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Slower walking speed in older adults has been shown to be a predictor of disability, admission to a nursing home and even death, the researchers noted. Delaying the age-related decline in walking speed could help extend the number of years that seniors can live independently.
The team, from Wake Forest Baptist Medical Center in Winston-Salem, N.C., analyzed U.S. National Institute on Aging data on more than 2,300 men and women, aged 70 to 79, whose walking speed was tested annually for four years.
"As people age, they are more likely to gain fat in and around their muscles, and we speculated that gaining fat in the leg muscle itself would be related to slowed walking speed," study author Kristen Beavers said in a Wake Forest news release.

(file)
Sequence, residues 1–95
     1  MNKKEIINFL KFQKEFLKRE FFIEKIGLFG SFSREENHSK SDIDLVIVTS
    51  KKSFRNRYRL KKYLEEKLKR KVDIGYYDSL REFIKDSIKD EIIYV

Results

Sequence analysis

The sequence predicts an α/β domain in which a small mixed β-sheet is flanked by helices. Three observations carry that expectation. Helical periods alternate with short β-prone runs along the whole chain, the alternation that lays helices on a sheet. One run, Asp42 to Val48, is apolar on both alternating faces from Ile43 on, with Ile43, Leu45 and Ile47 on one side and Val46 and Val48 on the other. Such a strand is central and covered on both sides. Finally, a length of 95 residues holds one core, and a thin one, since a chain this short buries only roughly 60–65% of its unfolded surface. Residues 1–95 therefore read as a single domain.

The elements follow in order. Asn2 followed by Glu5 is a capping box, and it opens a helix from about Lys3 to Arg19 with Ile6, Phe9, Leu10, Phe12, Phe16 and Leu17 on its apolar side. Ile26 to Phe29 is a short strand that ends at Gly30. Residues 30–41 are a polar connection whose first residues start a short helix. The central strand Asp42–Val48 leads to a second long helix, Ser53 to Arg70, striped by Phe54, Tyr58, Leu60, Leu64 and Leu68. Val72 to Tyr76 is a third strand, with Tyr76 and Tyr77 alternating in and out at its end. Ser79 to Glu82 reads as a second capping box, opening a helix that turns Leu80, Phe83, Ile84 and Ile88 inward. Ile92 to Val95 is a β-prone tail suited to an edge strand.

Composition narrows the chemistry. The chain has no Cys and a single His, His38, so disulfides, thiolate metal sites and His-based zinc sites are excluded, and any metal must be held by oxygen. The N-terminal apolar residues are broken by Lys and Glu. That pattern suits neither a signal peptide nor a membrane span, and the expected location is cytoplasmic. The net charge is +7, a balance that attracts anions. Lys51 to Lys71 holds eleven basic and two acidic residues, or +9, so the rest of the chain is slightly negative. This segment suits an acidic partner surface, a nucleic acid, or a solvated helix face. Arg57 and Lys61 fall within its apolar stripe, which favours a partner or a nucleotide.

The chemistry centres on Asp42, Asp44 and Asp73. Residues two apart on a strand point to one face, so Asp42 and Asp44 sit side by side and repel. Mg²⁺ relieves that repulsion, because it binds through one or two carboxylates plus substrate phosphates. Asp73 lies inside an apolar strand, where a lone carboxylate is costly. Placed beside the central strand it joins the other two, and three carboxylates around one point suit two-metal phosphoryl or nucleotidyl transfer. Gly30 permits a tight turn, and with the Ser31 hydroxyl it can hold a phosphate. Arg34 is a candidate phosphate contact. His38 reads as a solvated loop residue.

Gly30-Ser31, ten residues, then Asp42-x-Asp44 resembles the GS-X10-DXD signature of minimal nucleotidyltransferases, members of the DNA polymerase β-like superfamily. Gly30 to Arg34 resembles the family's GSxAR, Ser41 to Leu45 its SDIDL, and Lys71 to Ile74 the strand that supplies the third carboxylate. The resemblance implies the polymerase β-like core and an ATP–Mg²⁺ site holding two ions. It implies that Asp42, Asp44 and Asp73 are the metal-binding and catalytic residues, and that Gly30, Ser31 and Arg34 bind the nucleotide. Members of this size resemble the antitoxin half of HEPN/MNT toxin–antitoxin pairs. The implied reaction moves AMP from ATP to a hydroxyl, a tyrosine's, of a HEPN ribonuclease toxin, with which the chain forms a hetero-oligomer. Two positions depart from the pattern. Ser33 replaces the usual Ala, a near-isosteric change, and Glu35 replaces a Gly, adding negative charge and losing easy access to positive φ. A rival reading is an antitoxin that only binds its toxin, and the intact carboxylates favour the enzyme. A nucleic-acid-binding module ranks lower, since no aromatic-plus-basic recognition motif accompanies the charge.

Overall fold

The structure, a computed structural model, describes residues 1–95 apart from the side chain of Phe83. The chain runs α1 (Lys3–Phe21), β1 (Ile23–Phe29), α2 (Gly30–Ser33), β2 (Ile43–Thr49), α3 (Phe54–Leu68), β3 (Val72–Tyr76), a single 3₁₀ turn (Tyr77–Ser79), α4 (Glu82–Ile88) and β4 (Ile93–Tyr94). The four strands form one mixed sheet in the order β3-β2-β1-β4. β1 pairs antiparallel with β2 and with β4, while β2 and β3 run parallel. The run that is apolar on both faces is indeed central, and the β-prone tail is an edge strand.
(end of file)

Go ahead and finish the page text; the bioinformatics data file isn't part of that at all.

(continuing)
She and her colleagues found that increases in thigh fat and decreases in thigh muscle were significant and independent predictors of declines in walking speed.
Participants who gained the most thigh fat and lost the most thigh muscle had the greatest risk of suffering a notable decline in walking speed, according to the study, which was published online Jan. 30 in the American Journal of Clinical Nutrition.
The results showed that preventing age-related decline in walking speed isn't just about preserving thigh muscle, but also about preventing thigh fat gain, Beavers said.
Future studies should determine whether efforts to reduce thigh fat, increase thigh muscle or both can improve seniors' walking speed and prolong their ability to live independently, she added.
-- Robert Preidt
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